Drew has definitely had his fair share of behavioral challenges but for the most part he has been consistently ahead of the curve. He rolled over at 10 weeks, he peed on the potty for the first time at 18 months, he plays baseball like a 5 year old, etc. So although I may sound like a bragging mom, I never really have had to worry about him meeting development milestones.
Drew will be 4 in June. I’m not sure why I mention that, because I don’t know if that makes him young or old in terms of educational growth but it’s just a fact. He cannot write his name. He does a very rough D and a strong E which sometimes has a few extra lines attached. For Valentine’s Day we made cards for his classmates and we worked very hard on him signing his name. Most of the time it resulted in me guiding his hand because he would get frustrated.
The teacher has mentioned on several occasions that his fine motor skills are a bit lacking. She suggested activities with tweezers, crumpling up papers and extra coloring. In addition, he holds his scissors upside down and really has a hard time cutting up things. All of this we have been working on but not really getting anywhere.
I have always been, and will always be, a proactive mom. If the teacher says he needs extra help with this, I’m going to do everything I can to assist him. But I do feel a little ambivalent about this. This may sound defensive, and if so feel free to set me straight, but I feel like we are so forced to focus on these things at such an early age these days.
When I was young, preschool wasn’t necessarily a must. Educational standards, or progress milestones, were not even slightly considered until kids were school age. Children were not held accountable until they were in a formal school setting. Nowadays most everyone goes to preschool. And we clearly have a much more firm grasp on how helpful early intervention can be for so many problems. So everyone has become more critical of certain skills so that you can get the appropriate therapies and be more prepared by the time your child enters their formal educational years.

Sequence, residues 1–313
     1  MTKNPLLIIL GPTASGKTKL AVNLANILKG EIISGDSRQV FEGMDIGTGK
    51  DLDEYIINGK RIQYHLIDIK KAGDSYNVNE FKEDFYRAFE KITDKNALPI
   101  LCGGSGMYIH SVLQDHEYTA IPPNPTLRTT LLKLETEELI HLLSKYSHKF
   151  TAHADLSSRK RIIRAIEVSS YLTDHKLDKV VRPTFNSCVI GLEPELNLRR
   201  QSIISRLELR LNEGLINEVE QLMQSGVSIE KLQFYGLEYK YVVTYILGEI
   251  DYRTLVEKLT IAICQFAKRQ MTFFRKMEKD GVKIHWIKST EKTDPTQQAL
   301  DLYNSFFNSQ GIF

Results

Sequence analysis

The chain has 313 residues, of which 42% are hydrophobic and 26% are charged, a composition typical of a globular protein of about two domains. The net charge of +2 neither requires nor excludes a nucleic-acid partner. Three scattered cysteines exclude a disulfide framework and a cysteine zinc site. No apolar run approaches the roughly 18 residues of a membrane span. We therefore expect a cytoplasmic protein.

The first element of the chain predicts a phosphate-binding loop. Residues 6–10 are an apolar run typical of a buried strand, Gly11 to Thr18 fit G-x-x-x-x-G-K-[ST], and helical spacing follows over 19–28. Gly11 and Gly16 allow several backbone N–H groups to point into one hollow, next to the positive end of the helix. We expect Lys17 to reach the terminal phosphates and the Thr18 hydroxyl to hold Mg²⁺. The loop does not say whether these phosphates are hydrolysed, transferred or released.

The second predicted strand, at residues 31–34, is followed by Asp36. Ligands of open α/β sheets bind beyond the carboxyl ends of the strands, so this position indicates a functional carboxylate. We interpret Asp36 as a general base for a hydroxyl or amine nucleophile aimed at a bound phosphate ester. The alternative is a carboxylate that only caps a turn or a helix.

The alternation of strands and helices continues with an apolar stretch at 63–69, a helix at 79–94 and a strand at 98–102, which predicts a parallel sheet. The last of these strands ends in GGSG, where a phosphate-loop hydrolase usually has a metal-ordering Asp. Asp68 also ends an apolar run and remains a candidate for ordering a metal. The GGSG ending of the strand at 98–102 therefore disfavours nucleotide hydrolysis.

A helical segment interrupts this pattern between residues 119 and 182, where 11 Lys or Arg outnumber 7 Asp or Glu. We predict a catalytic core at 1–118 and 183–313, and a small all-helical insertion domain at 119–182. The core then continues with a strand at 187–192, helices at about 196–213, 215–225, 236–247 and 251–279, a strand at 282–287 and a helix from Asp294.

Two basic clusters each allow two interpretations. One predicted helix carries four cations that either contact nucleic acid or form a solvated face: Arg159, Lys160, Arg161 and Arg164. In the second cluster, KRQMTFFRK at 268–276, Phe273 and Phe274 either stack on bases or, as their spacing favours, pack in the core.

If other kids are performing at a certain level, I most definitely want to make sure that Drew is comparable with them. I want to give him every advantage to be successful in his life. That all being said, is it really fair to judge a 3.5 year old’s ability now? Is it possible he’s just a boy that is a little less interested in fine motor type activities thus he is a bit lacking? And with time and maturity he will be a writing machine?
As a teacher, I notice boys tend to lack in the fine motor skill area. Girls are much better. Age does play a proponent. Seth turns 5 tomorrow, but his fine motor skills are just coming along. He isn’t interested in coloring, and like Drew, he would much rather be playing baseball. You can’t compare kids. Even when they are the same age. A kid who turns 4 in Jan and a kid who turns 4 in July are going to be developmentally different. The kid who is 6 months older, has that extra 6 month advantage. Don’t stress about….Drew will come into his own when he is ready!
I’m really glad you responded, Richelle. I like the insight you provide coming from a teaching background and a mother of a sports fanatical son. I really agree about the difference in age. It doesn’t help Drew’s case that there are not a lot of boys in his class and some of the girls are up to 9 months older than he is. If you can, please try and post more often. I really value your opinion.